Shebang Strings: [string] [string] ...
[Add/Replace] Shebang Strings: [string] [string] ...

Defines a list of strings that can appear in the shebang (#!) line to designate that it’s part of this language.  They can appear anywhere in the line, so php will work for “#!/user/bin/php4”.  You can use strings that were previously used by another language to redefine them.

Ignore Prefixes in Index: [prefix] [prefix] ...
Ignore [type] Prefixes in Index: [prefix] [prefix] ...

[Add/Replace] Ignored Prefixes in Index: [prefix] [prefix] ...
[Add/Replace] Ignored [type] Prefixes in Index: [prefix] [prefix] ...

Specifies prefixes that should be ignored when sorting symbols for an index.  Can be specified in general or for a specific topic type.  The prefixes will still appear, the symbols will just be sorted as if they’re not there.  For example, specifying ADO_ for functions will mean that ADO_DoSomething will appear under D instead of A.

Basic Language Support Properties

These attributes are only available for languages with basic language support.

Line Comments: [symbol] [symbol] ...

Defines a space-separated list of symbols that are used for line comments, if any.  ex. “Line Comment: //”.

Block Comments: [opening symbol] [closing symbol] [o.s.] [c.s.] ...

Defines a space-separated list of symbol pairs that are used for block comments, if any.  ex. “Block Comment: /* */”.

Enum Values: [global|under type|under parent]

Defines the behavior of enum values.  The default is global.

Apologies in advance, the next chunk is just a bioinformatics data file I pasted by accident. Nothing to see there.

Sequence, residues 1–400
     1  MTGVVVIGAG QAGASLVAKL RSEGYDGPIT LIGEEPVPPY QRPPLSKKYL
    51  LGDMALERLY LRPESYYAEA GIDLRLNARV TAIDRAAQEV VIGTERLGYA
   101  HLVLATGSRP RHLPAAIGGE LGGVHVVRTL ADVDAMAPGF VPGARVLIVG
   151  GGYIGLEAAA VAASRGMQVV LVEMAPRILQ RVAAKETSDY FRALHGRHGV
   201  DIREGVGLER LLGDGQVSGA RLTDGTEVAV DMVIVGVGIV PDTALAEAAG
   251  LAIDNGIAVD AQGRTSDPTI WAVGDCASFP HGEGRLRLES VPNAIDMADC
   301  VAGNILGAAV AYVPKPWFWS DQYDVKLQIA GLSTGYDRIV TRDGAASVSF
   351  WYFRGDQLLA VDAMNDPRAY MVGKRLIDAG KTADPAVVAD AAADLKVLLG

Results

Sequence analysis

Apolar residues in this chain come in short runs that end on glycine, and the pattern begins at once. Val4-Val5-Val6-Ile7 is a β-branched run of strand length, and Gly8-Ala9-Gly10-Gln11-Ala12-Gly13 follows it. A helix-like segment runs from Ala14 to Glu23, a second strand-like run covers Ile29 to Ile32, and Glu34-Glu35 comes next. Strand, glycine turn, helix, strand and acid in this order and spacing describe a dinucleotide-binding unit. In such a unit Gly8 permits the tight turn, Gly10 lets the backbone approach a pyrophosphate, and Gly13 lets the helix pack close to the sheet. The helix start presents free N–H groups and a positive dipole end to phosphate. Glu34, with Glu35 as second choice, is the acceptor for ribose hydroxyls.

GlobalEnum values are always global and will be referenced as “Value”.
Under TypeEnum values appear under the type and will be referenced as “Package.Enum.Value”.
Under ParentEnum values appear under the parent and will be referenced as “Package.Value”
[type] Prototype Enders: [symbol] [symbol] ...

When defined, Natural Docs will attempt to collect prototypes from the code following the specified topic type.  It grabs code until the first ender symbol or the next Natural Docs comment, and if it contains the topic name, it serves as its prototype.  Use \n to specify a line break.  ex. “Function Prototype Enders: { ;”, “Variable Prototype Enders: = ;”.

Line Extender: [symbol]

Defines the symbol that allows a prototype to span multiple lines if normally a line break would end it.

Perl Package: [perl package]

Specifies the Perl package used to fine-tune the language behavior in ways too complex to do in this file.

Full Language Support Properties

These attributes are only available for languages with full language support.

Full Language Support: [perl package]

Specifies the Perl package that has the parsing routines necessary for full language support.

Copyright © 2003-2011 Greg Valure